TAX CUT SCHEME

Investors in dark over incentive for seeding industry

11 DECEMBER 2017 TUMELO CHIPFUPA

Members propose giving Minister of Trade and Industry Rob Davies powers to relieve indebted consumers.  Picture:  Russell Roberts

Members propose giving Minister of Trade and Industry Rob Davies powers to relieve indebted consumers. Picture: Russell Roberts

This country needs more jobs, and more investment is needed to create those jobs. I suspect this economic reality will resonate with all parties, from the Freedom Front Plus to the EFF.

However, an apparent lack of cohesion between the Treasury and the Department of Trade and Industry may be stifling investment instead of promoting it.

The government’s main incentive tool for promoting investment in industry — apart from the large targeted programmes for the automotive industry and for black industrialists — is a programme with the unimaginative name of 12i. The 12i scheme was introduced in 2010 and was due to have expired in December 2017.

Companies need to have their projects approved by Trade and Industry Minister Rob Davies to qualify for the incentive.

Davies can approve projects whose value collectively adds up to R20bn. The incentive cuts the tax paid by the investor, so with corporate tax at 28%, the government would forego tax income of R5.6bn if all the projects that Davies approves are established and profitable.

The advantage of this programme for citizens is that the state provides benefits to the investor only if the project is profitable and if it is proved to add value to the economy.

According to the department’s latest incentive report, the 12i scheme has been such a success that the cupboard is now bare. Bizarrely, this has not, however, led to the department closing applications for 12i.

Business executives can feel quite aggrieved if they make plans contingent on getting a fair consideration from the minister, only to be told that someone has removed the pot of gold from the end of the rainbow

In the 2017 tax amendment legislation, the Treasury decided to extend the period for 12i for another two years, to the end of 2020. With no budget?

We now have the situation where the department has not yet informed potential investors that they can’t apply, but the budget is exhausted. So, what’s the point?

The state appeared only to be approving applications where some of the previously approved projects were not being implemented by investors. It is uncertain what will happen next. Will more money be made available for 12i? And remember that applying for a government incentive is neither a trivial nor a cost-free exercise. It is fairly demanding in terms of information that has to be collected and packaged for the minister’s consideration.

Business executives can feel quite aggrieved if they make plans contingent on getting a fair consideration from the minister, only to be told that someone has removed the pot of gold from the end of the rainbow. We are therefore in a situation that it is difficult for people who are considering investing in large catalytic manufacturing projects in SA. This uncertainty about the incentive environment makes it difficult to reach decisions.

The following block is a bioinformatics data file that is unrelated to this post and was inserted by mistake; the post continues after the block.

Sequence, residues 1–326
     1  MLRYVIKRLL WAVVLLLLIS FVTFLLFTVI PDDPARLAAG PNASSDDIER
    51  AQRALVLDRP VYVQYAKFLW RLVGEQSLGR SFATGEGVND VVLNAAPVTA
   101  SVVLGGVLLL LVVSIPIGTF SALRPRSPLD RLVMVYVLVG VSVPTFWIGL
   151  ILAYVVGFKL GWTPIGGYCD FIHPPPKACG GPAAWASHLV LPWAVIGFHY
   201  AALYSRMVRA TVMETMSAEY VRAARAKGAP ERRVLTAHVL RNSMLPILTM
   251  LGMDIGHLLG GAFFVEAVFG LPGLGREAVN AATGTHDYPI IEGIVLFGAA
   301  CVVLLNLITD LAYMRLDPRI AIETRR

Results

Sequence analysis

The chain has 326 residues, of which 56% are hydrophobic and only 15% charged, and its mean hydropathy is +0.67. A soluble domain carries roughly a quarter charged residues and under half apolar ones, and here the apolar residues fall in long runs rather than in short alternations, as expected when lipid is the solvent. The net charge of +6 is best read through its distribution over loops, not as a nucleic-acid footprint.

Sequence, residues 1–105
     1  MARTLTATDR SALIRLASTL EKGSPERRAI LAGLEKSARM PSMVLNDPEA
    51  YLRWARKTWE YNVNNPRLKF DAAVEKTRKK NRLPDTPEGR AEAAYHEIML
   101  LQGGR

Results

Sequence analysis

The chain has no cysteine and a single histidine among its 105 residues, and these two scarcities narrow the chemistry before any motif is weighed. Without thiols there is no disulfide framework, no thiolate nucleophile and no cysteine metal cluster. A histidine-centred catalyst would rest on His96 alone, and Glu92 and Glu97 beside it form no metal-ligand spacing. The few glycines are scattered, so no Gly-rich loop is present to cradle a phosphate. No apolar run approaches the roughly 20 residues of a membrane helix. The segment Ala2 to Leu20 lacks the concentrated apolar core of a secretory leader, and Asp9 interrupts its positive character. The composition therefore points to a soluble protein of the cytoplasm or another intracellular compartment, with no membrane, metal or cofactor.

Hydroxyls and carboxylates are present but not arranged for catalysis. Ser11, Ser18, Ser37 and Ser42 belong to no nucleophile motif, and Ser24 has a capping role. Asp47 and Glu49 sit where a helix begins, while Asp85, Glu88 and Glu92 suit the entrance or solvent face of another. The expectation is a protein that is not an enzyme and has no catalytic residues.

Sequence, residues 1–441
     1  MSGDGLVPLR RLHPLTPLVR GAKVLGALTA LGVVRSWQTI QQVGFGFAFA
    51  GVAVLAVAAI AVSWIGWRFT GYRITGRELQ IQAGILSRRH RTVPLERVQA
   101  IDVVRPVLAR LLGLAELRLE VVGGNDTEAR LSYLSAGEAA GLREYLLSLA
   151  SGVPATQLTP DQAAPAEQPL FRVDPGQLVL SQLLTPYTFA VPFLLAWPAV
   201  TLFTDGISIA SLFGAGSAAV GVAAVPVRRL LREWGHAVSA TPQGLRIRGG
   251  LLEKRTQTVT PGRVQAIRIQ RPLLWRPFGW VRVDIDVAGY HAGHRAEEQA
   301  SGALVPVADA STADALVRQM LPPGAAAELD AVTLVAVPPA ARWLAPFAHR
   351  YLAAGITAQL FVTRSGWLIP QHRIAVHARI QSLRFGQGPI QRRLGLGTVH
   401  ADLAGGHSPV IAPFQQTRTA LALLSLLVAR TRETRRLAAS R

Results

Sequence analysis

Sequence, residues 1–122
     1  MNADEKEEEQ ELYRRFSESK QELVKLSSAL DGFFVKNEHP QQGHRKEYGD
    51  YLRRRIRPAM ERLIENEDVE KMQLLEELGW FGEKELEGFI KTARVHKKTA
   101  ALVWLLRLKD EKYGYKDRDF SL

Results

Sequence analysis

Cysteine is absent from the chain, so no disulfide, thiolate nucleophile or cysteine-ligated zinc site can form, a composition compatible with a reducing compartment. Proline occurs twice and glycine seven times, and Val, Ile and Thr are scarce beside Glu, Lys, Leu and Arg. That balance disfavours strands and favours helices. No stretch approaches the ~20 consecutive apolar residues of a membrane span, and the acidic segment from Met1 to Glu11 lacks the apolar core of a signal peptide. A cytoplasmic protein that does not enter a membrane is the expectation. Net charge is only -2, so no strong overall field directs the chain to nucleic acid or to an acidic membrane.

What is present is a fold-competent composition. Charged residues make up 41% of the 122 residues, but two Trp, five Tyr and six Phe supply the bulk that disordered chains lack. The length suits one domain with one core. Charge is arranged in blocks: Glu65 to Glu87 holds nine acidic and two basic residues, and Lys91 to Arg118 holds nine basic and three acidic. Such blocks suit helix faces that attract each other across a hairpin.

By contrast, the automotive sector is in a much better position. Despite the subdued domestic market in recent years, investment in motor assembly and manufacturing, targeting the export market has been at a record pace.

Fortunately for the automotive companies, their incentive environment has been quite stable. This allows the industry to plan and to invest with confidence. Unfortunately, it’s not the same with the rest of the manufacturing sector.

So why the delay in putting the 12i incentive back in business, in allocating a budget, in ending the uncertainty?

It is no secret that the Treasury is struggling to balance the books, and the situation will not be helped if President Jacob Zuma pushes ahead with idiosyncratic commitments with negative budgetary implications.

We hear that a Treasury decision on 12i is awaiting a study on the effect of the scheme, which would be strange. SA and other developing countries have used this kind of investment tax incentive instrument before, and there have been many reviews and debates in the past. It is not as if we are expecting to learn much new.

It seems more like a delaying tactic and less like a valid reason for creating so much uncertainty. The state is wary of unnecessary expenditure. But it would be folly to make cuts in a way that hurts SA’s long-term growth prospects. It must be a top priority to try to protect those areas from which future growth will burst.

This is how the EU approaches it, with the so-called smart-budget consolidation. This requires the nurturing of the innovation and research and development budget even as austerity is being imposed all round, looking after the essential areas while trimming the fat.

We, too, need to identify where growth will come from. So, even as we pare down budgets, we must protect and revive programmes such as 12i.

• Chipfupa is a co-founder of Cova Advisory